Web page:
|From Ocean Navigator #107 |
While coastal voyaging aboard their Hinckley 38, Kotchka, the authors did considerable running around to find a suitable e-mail connection.
Since I work for a computer company, it was my job to put together the communications tools for the trip. I wanted to keep it simple. I wanted to send and receive e-mail at portnot underwayand to access online services. And, of course, I wanted to keep the cost to a minimum.
I had an adequate laptop computer for the task at hand. What I needed was a new Internet service provider (ISP) and a dial-up capability that didn’t rely on availability of modular phone jacks. To meet my “keep it simple” objective, I wanted the following: ·
An ISP that provides local access numbers in our intended cruising grounds.·
Toll-free dial-up accessfrom both in the U.S. and Canadaas a back-up.·
Minimal ISP surcharges. Many ISPs charge extra for toll-free access and for “roaming” from your home calling area.·
A modern-day equivalent for acoustic coupler technologyan intermediary device that was once state of the art for connecting a modem to a telephone.
I selected IBM.net as our ISP. (IBM.net is now owned and operated by AT&T WorldNet.) Many ISPs met the criteria for local access in Maine and 1-800 number access. All ISPs researched imposed a surcharge for using their toll-free number. Differentiation was in availability of local access numbers for Nova Scotia and surcharge-free roaming.
I was pleasantly surprised when I dived into the acoustic coupler issue. Thinking I would have to find and dust off an old museum piece, I was shocked to find that voyagers have a lot in common with today’s “road warriors” of the high-tech business community. Not only are acoustic couplers still available, they are slim, slick and turbo-charged for the mobile Internet-dependent workforce. I purchased my Telecoupler from online Connect Globally Inc. at www.LaptopProducts.com.
I’ve been asked, “Why not just connect your laptop up to a cell phone? Wouldn’t that have been simpler?” While a cell connection may have been a viable solution, it would have violated the low-cost objective. For a voyager, even a “local” call means roaming charges. These charges are sneakyyou don’t really know how bad it is until the bill from your cellular phone company shows up. This approach was far too financially unpredictable.
J, my husband, and I confidently set sail. Armed with a distribution list of 40-plus e-mail pals, we felt ready to send periodic accounts of our adventure and to receive news from the real world that we were leaving behind. Easier said than done!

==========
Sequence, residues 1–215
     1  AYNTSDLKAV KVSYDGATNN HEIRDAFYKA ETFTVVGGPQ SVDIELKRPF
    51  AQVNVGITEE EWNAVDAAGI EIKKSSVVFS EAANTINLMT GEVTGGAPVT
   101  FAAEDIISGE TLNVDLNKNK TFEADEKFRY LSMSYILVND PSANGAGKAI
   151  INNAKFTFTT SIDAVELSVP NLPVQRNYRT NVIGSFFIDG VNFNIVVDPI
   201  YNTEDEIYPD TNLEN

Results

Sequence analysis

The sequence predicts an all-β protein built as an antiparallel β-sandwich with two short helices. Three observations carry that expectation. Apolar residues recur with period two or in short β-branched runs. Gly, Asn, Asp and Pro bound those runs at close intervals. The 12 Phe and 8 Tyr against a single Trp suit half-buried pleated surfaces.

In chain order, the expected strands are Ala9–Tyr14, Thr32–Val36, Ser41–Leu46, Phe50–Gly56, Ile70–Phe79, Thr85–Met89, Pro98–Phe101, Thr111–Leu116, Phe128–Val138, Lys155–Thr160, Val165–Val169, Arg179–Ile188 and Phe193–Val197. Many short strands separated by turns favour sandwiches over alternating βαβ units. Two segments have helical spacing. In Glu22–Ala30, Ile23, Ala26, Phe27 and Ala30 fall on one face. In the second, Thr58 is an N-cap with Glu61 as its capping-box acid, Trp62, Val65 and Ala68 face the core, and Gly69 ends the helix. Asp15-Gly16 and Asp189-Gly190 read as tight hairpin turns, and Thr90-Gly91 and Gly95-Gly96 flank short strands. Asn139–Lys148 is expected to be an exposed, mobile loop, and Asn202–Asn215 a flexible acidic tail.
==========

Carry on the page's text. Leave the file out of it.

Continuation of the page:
Our first attempt, Travel Log no. 1, took hours to send. The so-called local access number cost $1.10 to dial from the pay phone. The line dropped. The screen glare turned cursor movement into blind guesswork. The line speed was 1,200 bps. Well-intending friends sent huge file attachmentsjokes and photographsthat would take hours to download. Argh!
Travel Log no. 2 didn’t start off well either. A few unsuccessful attempts using the pay phone were followed by a visit to the town library (“Yes, we have Internet access. Sorry, you can’t plug in your own PC or dial your own ISP”), and the local mailbox/fax service provider (“I guess you can use our fax line, but I’ll have to charge you”). I paid $2.50 to use their fax/phone line to dial in. It took less than five minutes from when I walked into their shop. Travel Log no. 3 was going to be a piece of cake. Wayfarer Marine of Camden, Maine, provides phone jacks precisely for Internet access for transients. Alas, I hadn’t anticipated needing my own cord. I falsely presumed that if I happened upon a direct connection, a cord would somehow be part of the find. A short walk into town and a quick purchase solved the problem.Although these attempts were painful, the learning was valuable. I was beginning to get it figured out.
First lesson: If we were at a marina or town landing, I learned to ask for help. While Wayfarer was the only marina to openly offer Internet connectivity, I found that marina operators and tourist information centers were often happy to let me use their phone lines. Assuring them of local or toll-free dialing was key to overcoming any hesitancy on their part. I made an effort to be quick, so as not to tie up their line unnecessarily.
Second lesson: In port, I learned to keep an eye out for ISPs and storefronts where fax service is offered. Although often asked to pay for the privilege, I could count on these businesses for a good connection without having to rush. This was the best way of dealing with online services, such as reviewing our monthly credit card bill and authorizing payment.
Third lesson: When using an acoustic coupler, set the dial-up program on the computer for manual dial. Don’t try to use a pay phone to do the dialing. Set the e-mail program to ignore attachments, or to prompt you before downloading. At slow speeds, attachments can wreak havoc on your connection time and your patience! Go indoors. Using a pay phone in a hotel, shopping mall or bus station eliminates the screen glare obstacle. Bring the basicsdon’t be caught without an extra battery or phone cord.
Be patient. Connection speeds over a pay phone are slow when using the acoustic coupler. The maximum speed supported by the Telecoupler is 28,800 bps. My typical connection speeds were only 1,200 to 2,400 bps.
Finally, remember to be friendly. On more than one occasion, a resident of Nova Scotia actually invited us into their home to use their phone line.
Ten weeks later, by the time I hit the send button on Travel Log no. 14, I had the process mastered. I became very savvy and creative at finding an access line. I could dial up an Internet connection, download e-mail and be offline in a matter of minutes.
Too bad our cruise was ending, but I’m sure the knowledge gained on this trip will be valuable when we shove off for our next adventure.